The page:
Karl Jaspers and Seung Sahn
In this paper I will be making a comparison between the thoughts of Karl Jaspers and Korean Zen master Seung Sahn on the nature of consciousness and transcendence. The essays in question by Jaspers are his essays “On the Origin of My Philosophy,” written in 1941, and his lectures on the significance of Kierkegaard and Nietzsche and “the Encompassing,” given in 1935 (p. 158). The other text being studied is The Compass of Zen, a compilation of Seung Sahn’s lectures on the three main branches of Buddhism. The Compass of Zen was begun in the 1960s as a basic text to explain the “bone,” or common essence, of Buddhism to Sahn’s Zen students. The 1960s brought a sharp rise on interest in Buddhism among Americans, and The Compass of Zen is often used as a primer to help Westerners understand its teachings. Thus, Sahn has combined teachings from all over Asia (the three main branches of Hinayana, Mahayana, and Zen Buddhism) into one text. Jasper’s philosophy is similarly based on the desire for a “universal historical view.” He considered the three main sources of philosophical thought to be India, the Orient, and the Western tradition beginning with the Greeks. He writes that it is important to understand many different types of philosophies because they all spring from the basic human desire for understanding. As he writes in Kaufmann’s anthology, “there is more than one universal truth in man.” Both Jaspers and Sahn are trying to create a universally applicable philosophy of inner reflection (meditation) to gain transcendence (enlightenment, nirvana, moshka, satori); in practical terms, inner peace.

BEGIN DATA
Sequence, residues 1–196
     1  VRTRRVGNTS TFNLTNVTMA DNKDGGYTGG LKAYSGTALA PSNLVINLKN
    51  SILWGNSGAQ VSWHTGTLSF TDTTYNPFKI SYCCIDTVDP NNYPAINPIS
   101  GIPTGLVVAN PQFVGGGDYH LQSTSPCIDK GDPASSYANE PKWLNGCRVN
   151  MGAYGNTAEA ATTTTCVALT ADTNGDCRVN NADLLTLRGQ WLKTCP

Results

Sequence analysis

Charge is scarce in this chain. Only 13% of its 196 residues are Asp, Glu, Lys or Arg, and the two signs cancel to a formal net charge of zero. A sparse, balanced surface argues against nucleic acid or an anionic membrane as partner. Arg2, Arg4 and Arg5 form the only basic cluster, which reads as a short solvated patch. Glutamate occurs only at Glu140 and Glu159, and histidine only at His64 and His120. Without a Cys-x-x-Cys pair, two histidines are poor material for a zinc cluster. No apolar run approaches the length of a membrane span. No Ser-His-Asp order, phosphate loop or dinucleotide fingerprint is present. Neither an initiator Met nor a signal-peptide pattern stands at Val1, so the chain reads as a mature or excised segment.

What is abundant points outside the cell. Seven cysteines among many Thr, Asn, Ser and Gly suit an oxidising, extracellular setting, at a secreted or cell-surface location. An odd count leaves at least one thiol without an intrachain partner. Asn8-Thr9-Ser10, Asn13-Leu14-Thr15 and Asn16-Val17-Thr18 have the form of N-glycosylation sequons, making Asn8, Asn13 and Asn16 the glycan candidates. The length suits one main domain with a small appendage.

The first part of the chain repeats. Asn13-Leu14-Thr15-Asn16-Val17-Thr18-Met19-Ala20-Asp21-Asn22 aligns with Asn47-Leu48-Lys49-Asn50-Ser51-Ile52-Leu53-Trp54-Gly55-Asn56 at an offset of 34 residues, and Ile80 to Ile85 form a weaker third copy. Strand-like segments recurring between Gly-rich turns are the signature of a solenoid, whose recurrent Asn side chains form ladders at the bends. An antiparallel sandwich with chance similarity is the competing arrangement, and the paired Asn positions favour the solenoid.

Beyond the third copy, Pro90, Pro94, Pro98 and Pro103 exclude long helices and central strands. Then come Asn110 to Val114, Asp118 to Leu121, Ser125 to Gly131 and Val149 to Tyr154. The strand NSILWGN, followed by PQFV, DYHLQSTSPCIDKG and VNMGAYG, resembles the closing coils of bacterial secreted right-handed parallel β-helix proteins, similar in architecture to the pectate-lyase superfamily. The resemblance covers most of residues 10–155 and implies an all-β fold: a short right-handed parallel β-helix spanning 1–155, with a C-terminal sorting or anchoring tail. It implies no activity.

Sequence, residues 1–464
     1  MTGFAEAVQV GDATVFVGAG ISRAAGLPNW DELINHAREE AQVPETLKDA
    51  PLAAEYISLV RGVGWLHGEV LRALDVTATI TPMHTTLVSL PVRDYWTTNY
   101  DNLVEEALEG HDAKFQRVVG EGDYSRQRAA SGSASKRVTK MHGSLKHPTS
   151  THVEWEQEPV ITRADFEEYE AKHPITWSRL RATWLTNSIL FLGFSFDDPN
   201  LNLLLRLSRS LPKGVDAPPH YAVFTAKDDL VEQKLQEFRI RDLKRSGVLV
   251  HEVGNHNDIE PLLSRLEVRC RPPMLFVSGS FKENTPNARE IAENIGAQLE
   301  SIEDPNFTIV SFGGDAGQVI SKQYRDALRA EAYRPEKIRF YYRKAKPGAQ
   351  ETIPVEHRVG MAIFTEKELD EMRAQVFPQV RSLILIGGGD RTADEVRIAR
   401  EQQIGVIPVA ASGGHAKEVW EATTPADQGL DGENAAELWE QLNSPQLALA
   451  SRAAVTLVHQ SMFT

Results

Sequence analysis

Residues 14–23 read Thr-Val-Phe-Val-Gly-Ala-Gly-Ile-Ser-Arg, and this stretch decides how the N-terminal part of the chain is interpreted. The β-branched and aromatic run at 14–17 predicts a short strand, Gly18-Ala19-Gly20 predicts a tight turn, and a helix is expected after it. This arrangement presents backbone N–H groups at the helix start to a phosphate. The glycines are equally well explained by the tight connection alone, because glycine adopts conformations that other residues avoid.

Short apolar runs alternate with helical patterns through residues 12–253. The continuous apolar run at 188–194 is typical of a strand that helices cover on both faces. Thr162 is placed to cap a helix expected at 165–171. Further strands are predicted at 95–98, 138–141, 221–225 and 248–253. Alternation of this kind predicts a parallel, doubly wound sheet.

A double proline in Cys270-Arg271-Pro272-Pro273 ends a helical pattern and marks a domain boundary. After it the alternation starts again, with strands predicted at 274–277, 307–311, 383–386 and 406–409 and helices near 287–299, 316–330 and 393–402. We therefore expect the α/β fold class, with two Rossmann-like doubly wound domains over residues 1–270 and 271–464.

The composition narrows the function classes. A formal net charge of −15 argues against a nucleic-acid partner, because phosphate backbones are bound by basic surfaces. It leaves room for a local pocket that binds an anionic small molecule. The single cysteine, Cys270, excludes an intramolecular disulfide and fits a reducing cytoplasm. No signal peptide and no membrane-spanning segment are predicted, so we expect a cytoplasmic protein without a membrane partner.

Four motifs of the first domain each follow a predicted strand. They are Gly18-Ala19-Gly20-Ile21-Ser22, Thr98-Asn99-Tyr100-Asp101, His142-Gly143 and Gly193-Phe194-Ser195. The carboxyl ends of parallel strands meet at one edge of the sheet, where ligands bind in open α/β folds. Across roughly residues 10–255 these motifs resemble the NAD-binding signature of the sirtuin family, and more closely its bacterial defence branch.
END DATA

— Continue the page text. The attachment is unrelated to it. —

Jaspers’ philosophy is based in the idea that philosophy is ruined by attempts to put it into categories; a rejection of prophets, leaders, and idols; “only as an individual can man become a philosopher” (P. 163). Without the obligation to follow a set of beliefs, man is responsible only to the duty of working towards his own transcendence. Unlike Jaspers’ individualistic approach to attaining transcendence, Buddhism teaches that there is no separation between the self and the other, as we all originate from a common essence. Even if you do attain enlightenment, it is your responsibility to remain on Earth and work to eliminate the suffering of all beings. This is known in Mahayana Buddhism as “the great Bodhisattva way” (a Bodhisattva is one who has attained enlightenment). Sahn gives the example of the Ksitigarbha Bodhisattva, who vowed upon his enlightenment: “when all beings are saved from suffering, I will become Buddha. I vow that. If even one being cannot become Buddha, and is still in a suffering realm, I will not enter Nirvana” (p.39). This is considered the highest virtue a Buddhist can have.
Jaspers writes that an understanding of the world is very uncertain: “we are so exposed that we constantly find ourselves facing nothingness” (p.165) However, total understanding cannot come from a worldly...